One Solution: A Pluralistic Outreach-Inreach Program

The author proposes that only an active program that combines inreach to "faithless" Jews and outreach to unchurched spiritual seekers can revitalize the Jewish community.

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Speaking of Maimonides I turn to the magnificent answer he offered Obadiab, a convert to Judaism who asked Maimonides whether he, a Jew-by-choice, could recite the prayer "Our God and God of our fathers." Someone had told Obadiah that because his ancestors were not Jews he dare not recite that prayer. In Maimonides' response he writes, "By all means you should pray 'Our God and God of our fathers' for in no respect is there a difference between us and you. Do not think little of your origin. If we trace our descent from Abraham, Isaac, and Jacob, your descent is from Him by whose word the world was created."

Thinking back to my conversation with Kathy, I realized that these non-Jews who came to the lectures had not come to my office brought by a Jewish partner seeking my ceremonial imprimatur. Most of the non-Jews during these two years were not interested in matrimony. They were spiritual seekers; that realization enabled me to address them differently. Importantly, I never thought of them as making up for our terrible Holocaust losses or as surrogates for our lagging demographic statistics. I never spoke to them about their conversion for the sake of appeasing Jeff's parents. They are not to be used as means for our ends.

Either/Or

The Kathys in our midst have to contend with Jeffs who wonder why she spends so much time and energy on him, why in the world she would choose to be Jewish? In that incredulity lies one of the primary sources of our dissolution--the vacuity of Jeff's Jewishness. In truth, Jeff is unaware of the superordinate system of values and wisdom and spiritual depth in Judaism, not only wonders what it is that possesses Kathy to become Jewish, he wonders what possesses his parents to insist on a Jewish wedding. Both Kathy and Jeff must be encouraged to become Jews-by-choice. The outreach program is as much for the native born as it is for the searching stranger.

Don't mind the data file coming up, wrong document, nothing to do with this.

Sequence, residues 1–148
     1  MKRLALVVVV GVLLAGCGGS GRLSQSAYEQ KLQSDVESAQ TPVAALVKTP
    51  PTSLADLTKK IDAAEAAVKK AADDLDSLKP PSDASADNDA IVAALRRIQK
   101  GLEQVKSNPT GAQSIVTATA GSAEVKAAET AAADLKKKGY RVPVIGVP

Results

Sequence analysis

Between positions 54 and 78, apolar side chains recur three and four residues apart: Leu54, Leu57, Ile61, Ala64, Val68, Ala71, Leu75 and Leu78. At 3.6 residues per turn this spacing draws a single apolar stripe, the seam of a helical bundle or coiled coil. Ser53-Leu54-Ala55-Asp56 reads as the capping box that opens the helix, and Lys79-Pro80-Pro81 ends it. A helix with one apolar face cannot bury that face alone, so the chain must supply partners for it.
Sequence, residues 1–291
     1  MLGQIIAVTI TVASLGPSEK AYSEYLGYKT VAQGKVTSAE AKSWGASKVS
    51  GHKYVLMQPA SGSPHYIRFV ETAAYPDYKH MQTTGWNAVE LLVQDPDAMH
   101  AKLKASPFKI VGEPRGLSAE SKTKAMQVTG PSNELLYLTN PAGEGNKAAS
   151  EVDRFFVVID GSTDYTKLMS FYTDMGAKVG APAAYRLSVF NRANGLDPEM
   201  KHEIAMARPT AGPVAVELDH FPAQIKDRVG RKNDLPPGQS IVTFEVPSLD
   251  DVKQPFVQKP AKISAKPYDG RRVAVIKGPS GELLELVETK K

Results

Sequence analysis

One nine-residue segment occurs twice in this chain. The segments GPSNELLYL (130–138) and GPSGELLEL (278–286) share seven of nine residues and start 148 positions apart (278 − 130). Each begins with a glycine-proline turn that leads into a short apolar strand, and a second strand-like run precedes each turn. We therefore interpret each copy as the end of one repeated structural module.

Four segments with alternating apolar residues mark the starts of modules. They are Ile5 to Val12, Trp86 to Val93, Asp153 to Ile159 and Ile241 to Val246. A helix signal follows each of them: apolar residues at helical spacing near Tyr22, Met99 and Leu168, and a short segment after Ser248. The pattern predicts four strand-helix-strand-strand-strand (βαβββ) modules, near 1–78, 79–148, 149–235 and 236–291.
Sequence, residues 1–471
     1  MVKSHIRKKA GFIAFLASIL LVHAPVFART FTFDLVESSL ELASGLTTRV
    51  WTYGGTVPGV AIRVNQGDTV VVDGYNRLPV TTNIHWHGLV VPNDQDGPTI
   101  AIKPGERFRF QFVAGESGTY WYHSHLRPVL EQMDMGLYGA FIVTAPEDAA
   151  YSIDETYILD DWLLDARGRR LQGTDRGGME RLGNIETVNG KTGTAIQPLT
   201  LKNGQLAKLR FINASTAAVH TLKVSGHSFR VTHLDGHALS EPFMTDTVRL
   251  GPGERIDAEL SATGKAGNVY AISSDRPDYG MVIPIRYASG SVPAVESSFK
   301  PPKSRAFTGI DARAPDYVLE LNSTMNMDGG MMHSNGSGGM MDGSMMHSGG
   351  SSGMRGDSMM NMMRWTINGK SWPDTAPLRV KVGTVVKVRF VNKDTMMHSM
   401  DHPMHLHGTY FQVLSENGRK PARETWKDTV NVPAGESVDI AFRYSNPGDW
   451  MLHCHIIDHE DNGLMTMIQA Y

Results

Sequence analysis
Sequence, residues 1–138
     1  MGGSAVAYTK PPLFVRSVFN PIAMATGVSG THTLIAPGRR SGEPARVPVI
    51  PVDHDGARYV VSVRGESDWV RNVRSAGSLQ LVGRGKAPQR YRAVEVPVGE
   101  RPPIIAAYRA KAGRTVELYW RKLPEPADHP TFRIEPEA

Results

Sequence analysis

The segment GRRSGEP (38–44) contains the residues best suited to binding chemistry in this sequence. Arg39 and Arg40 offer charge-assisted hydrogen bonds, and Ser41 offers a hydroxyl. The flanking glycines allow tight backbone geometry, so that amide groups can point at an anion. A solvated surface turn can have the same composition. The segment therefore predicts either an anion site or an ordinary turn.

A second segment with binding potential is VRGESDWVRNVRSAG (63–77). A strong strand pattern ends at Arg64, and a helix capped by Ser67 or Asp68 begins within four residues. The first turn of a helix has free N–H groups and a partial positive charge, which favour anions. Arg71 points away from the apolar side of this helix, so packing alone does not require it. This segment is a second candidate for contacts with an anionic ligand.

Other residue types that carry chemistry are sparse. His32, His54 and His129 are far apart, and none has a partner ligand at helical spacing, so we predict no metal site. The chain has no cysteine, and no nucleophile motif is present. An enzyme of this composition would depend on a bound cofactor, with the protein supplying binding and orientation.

Either educate "them" or "us" is a perverse disjunction. If Judaism is understood as a faith and culture that has something of supreme value to offer the world, then outreach is very much part and parcel of Jewish teleology. Not either/or but both/and. The reluctance to share our wisdom with the spiritual seekers is less a sign of particularistic fidelity than a trivialization of Judaism. If we have nothing to say to the other who seeks, we have nothing to say to ourselves or our own. The seekers ask us hard questions. "Tell us why Judaism is so important? Tell us how it can enrich our lives and the life of the universe?" As much as they would know "how" and "when," they ask "What for?" That root question we must answer not only for them but for ourselves and our children, for all who choose to be Jews.

The Talmud observes that the precept to understand and to love the stranger in our midst, which the rabbinic tradition takes to mean the proselyte, appears 36 times in the Torah. The stranger in our midst is our self, our very selves. Proactive conversion must be placed high on the Jewish agenda of the next century. In the words of Gary Tobin, "Proactive conversion can revitalize the Jewish community."

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Rabbi Harold Schulweis

Harold Schulweis is the senior rabbi of Valley Beth Shalom in Encino, California. He is the founder of Jewish Foundation for Rescuers and the author of For Those Who Can't Believe.